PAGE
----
I love watching really good debates between theists and atheists, but many of them are lackluster. Last year's debate between Sean Carroll and William Lane Craig was a particularly good one when it came to the cosmological evidence for and against theism. But those kinds of debates are the exception. The one thing Sean Carroll can't do well is debate the historicity of Jesus, or morality. And for other atheist debaters like Richard Carrier, the one thing he can't do well is debate the fundamental cosmology theists try to use to argue for god. William Lane Craig for example can debate both of them well - in that he's got enough knowledge of each to make a case that appears convincing, even if it isn't.
That's where a group debate would come in handy. To entertain my debate fantasy, we'd have a three-on-three atheist vs Christianity team debate and on the atheist side I'd pick and choose who I'd want representing team atheism. Since cosmology always comes up in god debates, I'd have Sean Carroll on team atheism to handle cosmological questions. He's shown himself to be more than capable in that regard. There are many other cosmologists who could do the job, like Lawrence Krauss, but Krauss' disdain for and ignorance of philosophy is a strike against him. Carroll, though not a philosopher, is at least philosophically inclined. (He minored in philosophy as an undergrad.)
For Christian-specific questions, such as the historicity and resurrection of Jesus, I'd have Richard Carrier on team atheism. Over the years Carrier has demonstrated himself to be one of the world's foremost scholars in the field of Jesus mythicism. He knows Christianity and its historical context really well, and has the ability to debate them better than most. So I think he'd successfully be able to put to rest any claims that the evidence demonstrates Jesus existed and rose from the dead.
Lastly, besides cosmology and the arguments specifically for Christianity, Christians usually bring up either morality or the origin of life as their other preferred arguments. For morality, I'd consider AC Grayling, who is a moral philosopher, or Massimo Pigliucci, or maybe Michael Shermer. Matt Dillahunty is another good atheist debater, who could handle many of the non-scholarly stuff. For the origin of life I have no idea who can debate that sufficiently enough to drive the point that it doesn't need a god. So I'm not sure who I'd employ here. (Maybe Aron Ra?) Ideally, I'd pick someone who can do both morality and abiogenesis or evolution, and that might leave me with Pigliucci since he was a biologist turned philosopher. But this position might have to be decided depending on the Christian debaters. And if this is pure fantasy we're talking about, I'd have Christopher Hitchens between Sean Carroll and Richard Carrier. Though Hitchens was not a philosopher or scientist, he was really good at pointing out the bad things about religion and many of its non-obvious absurdities.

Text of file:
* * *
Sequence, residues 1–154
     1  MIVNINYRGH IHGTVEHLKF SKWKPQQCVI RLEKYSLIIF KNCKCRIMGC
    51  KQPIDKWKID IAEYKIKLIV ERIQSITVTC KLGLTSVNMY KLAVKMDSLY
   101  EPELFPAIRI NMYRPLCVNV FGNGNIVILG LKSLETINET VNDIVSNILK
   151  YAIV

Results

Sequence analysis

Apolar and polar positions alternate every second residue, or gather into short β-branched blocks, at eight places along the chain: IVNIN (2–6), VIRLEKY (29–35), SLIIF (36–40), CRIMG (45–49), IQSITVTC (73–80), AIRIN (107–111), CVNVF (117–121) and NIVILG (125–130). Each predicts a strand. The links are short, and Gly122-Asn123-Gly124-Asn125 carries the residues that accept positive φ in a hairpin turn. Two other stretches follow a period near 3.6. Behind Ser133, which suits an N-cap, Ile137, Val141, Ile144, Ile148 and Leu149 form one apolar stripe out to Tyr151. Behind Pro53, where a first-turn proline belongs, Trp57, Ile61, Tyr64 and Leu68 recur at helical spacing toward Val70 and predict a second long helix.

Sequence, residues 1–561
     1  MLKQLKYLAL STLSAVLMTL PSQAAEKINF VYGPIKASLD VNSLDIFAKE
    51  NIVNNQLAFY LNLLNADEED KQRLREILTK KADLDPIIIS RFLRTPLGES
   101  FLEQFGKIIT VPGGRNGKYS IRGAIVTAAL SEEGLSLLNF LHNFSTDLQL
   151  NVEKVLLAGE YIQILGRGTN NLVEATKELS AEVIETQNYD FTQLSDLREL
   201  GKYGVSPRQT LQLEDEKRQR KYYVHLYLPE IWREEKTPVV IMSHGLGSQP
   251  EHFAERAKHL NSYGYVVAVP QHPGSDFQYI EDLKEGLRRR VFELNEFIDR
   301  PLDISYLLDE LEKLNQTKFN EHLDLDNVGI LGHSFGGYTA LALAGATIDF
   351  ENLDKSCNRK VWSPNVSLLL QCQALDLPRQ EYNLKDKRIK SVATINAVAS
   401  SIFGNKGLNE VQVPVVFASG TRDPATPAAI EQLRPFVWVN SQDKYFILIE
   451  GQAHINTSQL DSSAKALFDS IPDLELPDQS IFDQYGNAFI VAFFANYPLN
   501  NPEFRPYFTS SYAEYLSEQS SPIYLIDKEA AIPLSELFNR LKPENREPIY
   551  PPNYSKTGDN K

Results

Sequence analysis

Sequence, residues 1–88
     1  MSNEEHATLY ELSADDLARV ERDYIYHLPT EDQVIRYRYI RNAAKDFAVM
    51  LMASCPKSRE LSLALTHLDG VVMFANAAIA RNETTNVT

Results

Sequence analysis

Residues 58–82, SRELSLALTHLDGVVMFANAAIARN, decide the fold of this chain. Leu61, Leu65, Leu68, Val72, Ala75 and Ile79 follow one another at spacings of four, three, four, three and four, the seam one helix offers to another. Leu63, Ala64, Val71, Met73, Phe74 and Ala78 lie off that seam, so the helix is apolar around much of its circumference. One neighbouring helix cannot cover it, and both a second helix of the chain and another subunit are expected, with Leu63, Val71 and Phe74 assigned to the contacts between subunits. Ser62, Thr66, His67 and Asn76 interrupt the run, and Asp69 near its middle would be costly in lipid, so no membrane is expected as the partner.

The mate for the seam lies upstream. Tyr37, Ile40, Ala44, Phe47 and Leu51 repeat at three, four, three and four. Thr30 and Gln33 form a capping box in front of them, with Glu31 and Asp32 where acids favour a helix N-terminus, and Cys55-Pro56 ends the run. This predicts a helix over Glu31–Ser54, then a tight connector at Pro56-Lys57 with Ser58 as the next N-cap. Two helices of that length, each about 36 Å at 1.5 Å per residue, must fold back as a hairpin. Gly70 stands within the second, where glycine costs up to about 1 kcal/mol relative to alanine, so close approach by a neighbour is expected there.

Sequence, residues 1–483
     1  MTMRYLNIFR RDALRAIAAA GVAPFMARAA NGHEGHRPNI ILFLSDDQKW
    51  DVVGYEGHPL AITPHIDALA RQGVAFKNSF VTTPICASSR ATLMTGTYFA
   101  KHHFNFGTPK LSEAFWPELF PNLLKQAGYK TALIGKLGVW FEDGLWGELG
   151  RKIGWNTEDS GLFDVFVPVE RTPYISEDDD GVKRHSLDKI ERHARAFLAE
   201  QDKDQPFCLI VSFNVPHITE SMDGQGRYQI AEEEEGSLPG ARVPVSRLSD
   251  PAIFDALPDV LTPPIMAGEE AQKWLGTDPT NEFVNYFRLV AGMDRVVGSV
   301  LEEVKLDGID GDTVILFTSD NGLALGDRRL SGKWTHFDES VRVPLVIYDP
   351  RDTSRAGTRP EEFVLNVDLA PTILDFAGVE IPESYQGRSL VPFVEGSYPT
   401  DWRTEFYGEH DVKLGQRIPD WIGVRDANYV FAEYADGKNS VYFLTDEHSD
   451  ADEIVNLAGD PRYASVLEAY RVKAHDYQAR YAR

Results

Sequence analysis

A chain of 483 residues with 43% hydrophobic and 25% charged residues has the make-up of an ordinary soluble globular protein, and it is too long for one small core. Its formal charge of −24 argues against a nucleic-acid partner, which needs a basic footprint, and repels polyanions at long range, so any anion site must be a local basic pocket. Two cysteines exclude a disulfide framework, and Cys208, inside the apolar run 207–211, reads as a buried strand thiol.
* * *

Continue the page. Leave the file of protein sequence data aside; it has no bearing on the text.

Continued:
Who would be on team Christianity? Probably William Lane Craig. I'd definitely want him on it. Maybe Alvin Plantinga, JP Moreland, or Edward Feser, or David Wood. Who knows? The thing is Feser and Craig don't agree on a lot of metaphysical views, so I'm not sure they'd both be on team Christianity. I do know that a weakness of the atheist/theist debates is that there is no atheist version of William Lane Craig. There are atheists good at philosophy, but not science; there are atheists good at science but not philosophy, or decent at both but not history. Since to sufficiently debate god, you have to know physics, cosmology, biology, philosophy, history, and of course, religion, that is a lot of stuff to have to know. You by no means must be an expert in all of these subjects, but you have to be exceptionally familiar with each in order to be a good debater on the god topic. And since today there is no single atheist who can do this, only an atheist debate dream team could. If I had 100 million dollars I'd definitely use some of it to orchestrate such a debate.
Welcome to Atheism and the City. This blog is about exploring atheism through contemporary urban living. I live in New York City, the secular metropolis, and I have an avid interest in all things religion, science, philosophy, politics, and economics. I am an atheist, a humanist, a philosopher and a thinker, and the purpose of Atheism and the City is to write about my thoughts and experiences on the subjects and topics that I have a passion for. Feel free to respond to any post whether or not you agree.